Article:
Retiring In The Red: The Growth of Debt Among Older Americans

Retiring In The Red: The Growth of Debt Among Older Americans

January 19, 2004
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NEW: SECOND EDITION. "Retiring in the Red" is part of the Borrowing to Make Ends Meet Briefing Paper Series. Reports an 89% average increase in credit card debt among America's seniors from 1992 to 2001.

Key Findings:

Seniors (over age 65)
 
Average revolving balances among indebted seniors over 65 increased by 89 percent, to $4,041.  
 
Seniors between 65 and 69 years old, presumably the newly-retired, saw the most staggering rise in credit card debt -- 217 percent -- to an average of $5,844.
 
Female-headed senior households experienced a 48 percent rise between 1992 and 2001, to an average of $2,319.
 
Among seniors with incomes under $50,000 (70 percent of seniors), about one in five families with credit card debt is in debt hardship -- spending over 40 percent of their income on debt payments, including mortgage debt.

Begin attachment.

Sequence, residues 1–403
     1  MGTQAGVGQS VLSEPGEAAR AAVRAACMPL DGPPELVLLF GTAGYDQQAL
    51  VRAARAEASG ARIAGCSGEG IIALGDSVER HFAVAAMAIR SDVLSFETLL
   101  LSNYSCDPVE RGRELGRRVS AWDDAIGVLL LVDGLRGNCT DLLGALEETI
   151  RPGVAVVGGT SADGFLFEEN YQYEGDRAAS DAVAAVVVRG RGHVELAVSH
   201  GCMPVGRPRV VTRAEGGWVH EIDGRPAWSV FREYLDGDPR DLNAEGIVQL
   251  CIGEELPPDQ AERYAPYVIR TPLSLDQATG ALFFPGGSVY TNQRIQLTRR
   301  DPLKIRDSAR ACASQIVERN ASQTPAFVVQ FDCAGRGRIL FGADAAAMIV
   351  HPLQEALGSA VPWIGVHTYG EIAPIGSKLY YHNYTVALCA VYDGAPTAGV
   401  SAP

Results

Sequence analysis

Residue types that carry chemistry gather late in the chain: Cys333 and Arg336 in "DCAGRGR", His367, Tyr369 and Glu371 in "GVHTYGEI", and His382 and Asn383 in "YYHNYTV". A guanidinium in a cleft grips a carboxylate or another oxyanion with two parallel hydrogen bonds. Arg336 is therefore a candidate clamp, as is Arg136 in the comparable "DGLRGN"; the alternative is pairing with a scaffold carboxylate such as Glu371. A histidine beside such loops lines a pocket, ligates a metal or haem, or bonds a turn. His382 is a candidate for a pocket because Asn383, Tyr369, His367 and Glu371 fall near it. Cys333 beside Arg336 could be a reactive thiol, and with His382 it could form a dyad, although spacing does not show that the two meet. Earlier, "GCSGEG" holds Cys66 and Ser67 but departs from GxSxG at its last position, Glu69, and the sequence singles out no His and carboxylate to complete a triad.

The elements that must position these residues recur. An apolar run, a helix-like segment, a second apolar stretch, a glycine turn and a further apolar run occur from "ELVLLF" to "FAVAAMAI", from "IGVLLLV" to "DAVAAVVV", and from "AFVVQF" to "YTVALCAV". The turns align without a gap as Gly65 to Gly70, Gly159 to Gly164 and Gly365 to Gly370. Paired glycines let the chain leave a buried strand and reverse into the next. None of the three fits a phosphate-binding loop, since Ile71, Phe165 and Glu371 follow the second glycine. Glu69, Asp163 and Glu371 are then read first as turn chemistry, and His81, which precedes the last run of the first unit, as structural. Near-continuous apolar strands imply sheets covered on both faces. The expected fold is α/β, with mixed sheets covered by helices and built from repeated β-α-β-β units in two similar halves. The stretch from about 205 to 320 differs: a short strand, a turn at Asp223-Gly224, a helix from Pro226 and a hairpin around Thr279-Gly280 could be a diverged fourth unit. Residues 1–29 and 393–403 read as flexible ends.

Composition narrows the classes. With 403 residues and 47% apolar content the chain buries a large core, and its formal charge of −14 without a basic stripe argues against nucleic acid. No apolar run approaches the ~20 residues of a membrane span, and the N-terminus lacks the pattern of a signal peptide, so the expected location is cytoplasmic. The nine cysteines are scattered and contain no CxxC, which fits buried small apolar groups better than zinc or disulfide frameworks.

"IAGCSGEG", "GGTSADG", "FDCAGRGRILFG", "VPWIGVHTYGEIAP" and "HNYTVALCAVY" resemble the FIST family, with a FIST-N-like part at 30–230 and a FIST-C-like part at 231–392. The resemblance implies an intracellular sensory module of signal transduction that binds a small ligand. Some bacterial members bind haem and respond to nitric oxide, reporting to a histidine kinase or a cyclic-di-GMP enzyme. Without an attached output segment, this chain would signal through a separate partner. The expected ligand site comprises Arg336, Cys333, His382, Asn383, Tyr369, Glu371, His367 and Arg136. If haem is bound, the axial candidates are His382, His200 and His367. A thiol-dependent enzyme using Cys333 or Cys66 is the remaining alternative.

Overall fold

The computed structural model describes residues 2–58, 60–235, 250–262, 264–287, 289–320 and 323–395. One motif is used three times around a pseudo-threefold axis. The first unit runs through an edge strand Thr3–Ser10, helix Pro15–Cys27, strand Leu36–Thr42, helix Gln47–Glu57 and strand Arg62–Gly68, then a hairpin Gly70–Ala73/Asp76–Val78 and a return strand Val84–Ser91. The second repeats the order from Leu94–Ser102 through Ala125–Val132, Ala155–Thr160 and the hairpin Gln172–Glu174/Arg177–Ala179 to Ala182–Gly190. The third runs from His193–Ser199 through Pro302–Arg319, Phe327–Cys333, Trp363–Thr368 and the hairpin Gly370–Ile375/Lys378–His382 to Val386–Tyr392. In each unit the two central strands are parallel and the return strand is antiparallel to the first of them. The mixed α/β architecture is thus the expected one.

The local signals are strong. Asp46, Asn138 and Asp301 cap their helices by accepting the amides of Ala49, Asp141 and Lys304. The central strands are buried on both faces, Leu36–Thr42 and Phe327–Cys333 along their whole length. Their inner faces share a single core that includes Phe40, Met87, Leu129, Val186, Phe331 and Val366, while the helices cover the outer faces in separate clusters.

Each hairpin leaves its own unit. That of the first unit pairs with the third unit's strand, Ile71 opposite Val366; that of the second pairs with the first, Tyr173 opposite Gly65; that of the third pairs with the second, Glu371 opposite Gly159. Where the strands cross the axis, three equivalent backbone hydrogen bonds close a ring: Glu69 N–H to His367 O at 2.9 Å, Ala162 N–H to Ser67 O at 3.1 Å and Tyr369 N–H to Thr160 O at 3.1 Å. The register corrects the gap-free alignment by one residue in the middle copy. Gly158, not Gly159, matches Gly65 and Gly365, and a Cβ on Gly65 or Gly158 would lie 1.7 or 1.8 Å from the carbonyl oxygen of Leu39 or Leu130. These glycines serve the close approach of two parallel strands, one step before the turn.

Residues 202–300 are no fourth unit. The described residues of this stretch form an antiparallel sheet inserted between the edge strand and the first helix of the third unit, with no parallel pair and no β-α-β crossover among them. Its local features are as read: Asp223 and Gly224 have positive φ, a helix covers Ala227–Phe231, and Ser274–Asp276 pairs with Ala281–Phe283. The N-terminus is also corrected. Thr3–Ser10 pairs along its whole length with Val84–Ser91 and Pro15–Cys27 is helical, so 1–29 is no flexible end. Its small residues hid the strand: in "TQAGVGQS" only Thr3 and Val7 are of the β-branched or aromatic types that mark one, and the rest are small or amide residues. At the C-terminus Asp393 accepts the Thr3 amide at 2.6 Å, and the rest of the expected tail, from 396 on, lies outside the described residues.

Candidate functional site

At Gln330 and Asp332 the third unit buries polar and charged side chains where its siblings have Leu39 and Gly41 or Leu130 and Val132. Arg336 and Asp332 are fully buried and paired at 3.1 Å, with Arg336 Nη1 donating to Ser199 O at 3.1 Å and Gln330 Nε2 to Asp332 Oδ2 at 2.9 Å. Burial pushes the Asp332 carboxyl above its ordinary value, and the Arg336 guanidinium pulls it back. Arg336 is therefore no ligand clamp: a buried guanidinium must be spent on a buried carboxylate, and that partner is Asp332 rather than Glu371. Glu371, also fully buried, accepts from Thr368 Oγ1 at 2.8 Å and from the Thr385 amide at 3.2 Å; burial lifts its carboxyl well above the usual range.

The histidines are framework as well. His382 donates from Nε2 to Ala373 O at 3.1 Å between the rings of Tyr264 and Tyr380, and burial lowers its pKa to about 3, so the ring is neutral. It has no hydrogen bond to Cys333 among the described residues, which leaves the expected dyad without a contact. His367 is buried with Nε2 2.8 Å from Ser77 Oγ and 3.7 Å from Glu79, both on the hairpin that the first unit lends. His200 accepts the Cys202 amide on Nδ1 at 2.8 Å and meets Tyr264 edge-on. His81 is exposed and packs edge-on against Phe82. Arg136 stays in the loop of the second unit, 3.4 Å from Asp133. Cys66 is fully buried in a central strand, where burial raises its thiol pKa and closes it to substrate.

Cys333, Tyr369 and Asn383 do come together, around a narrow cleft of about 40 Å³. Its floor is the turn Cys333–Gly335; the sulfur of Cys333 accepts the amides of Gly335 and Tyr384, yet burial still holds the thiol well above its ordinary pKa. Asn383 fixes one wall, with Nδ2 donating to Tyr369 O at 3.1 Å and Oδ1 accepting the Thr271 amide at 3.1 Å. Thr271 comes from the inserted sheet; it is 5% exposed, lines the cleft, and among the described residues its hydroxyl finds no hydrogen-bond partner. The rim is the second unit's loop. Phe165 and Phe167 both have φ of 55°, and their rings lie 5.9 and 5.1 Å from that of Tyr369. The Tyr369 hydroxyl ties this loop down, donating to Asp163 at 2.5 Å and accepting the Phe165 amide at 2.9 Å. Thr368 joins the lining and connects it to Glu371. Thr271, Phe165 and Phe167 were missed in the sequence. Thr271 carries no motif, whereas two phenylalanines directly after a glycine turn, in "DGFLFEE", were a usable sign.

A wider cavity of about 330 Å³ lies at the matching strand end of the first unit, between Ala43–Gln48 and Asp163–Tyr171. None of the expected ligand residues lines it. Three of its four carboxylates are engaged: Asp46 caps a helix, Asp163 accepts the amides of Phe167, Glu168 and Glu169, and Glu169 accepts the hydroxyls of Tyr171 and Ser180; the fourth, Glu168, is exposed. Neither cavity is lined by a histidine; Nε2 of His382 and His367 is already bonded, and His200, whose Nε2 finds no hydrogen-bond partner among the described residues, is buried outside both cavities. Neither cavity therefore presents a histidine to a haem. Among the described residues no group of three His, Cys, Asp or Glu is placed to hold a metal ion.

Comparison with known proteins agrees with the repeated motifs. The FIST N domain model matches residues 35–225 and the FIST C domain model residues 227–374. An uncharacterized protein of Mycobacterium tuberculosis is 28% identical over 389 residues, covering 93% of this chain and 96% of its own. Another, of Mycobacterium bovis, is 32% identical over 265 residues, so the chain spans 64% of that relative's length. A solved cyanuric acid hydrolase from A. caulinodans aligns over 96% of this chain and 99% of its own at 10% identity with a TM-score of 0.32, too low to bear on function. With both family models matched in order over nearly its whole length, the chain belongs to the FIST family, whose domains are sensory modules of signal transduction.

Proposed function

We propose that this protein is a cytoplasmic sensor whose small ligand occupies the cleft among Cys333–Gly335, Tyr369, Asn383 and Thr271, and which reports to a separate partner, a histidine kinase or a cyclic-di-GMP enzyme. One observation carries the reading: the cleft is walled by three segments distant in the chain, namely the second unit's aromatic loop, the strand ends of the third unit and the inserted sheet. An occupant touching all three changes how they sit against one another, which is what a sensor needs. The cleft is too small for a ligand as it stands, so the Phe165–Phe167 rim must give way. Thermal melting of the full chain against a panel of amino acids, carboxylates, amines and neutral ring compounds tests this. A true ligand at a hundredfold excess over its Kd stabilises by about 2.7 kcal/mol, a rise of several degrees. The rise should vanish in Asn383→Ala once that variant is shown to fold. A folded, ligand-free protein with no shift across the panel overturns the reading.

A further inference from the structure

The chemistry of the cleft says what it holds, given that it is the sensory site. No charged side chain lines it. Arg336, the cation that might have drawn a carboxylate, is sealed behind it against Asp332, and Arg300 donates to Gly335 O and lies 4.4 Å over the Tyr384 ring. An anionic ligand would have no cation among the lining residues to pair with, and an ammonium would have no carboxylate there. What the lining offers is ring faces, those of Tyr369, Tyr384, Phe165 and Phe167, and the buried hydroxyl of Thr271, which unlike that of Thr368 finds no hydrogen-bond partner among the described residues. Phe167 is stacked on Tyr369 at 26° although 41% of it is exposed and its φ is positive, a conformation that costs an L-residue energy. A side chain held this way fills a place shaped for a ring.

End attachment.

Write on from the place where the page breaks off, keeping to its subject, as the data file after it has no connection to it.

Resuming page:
Transitioners (ages 55 - 64)
 
Transitioners experienced a 47 percent increase in their credit card debt between 1992 and 2001, to an average of $4,088.
 
The average credit card-indebted family in this age group now spends 31 percent of their income on debt payments, a 10 percentage point increase over the decade.
 
The credit card debt of middle- to low-income transitioner families without health insurance increased by 169 percent, as opposed to by only 37 percent for like-income families with health insurance.
 
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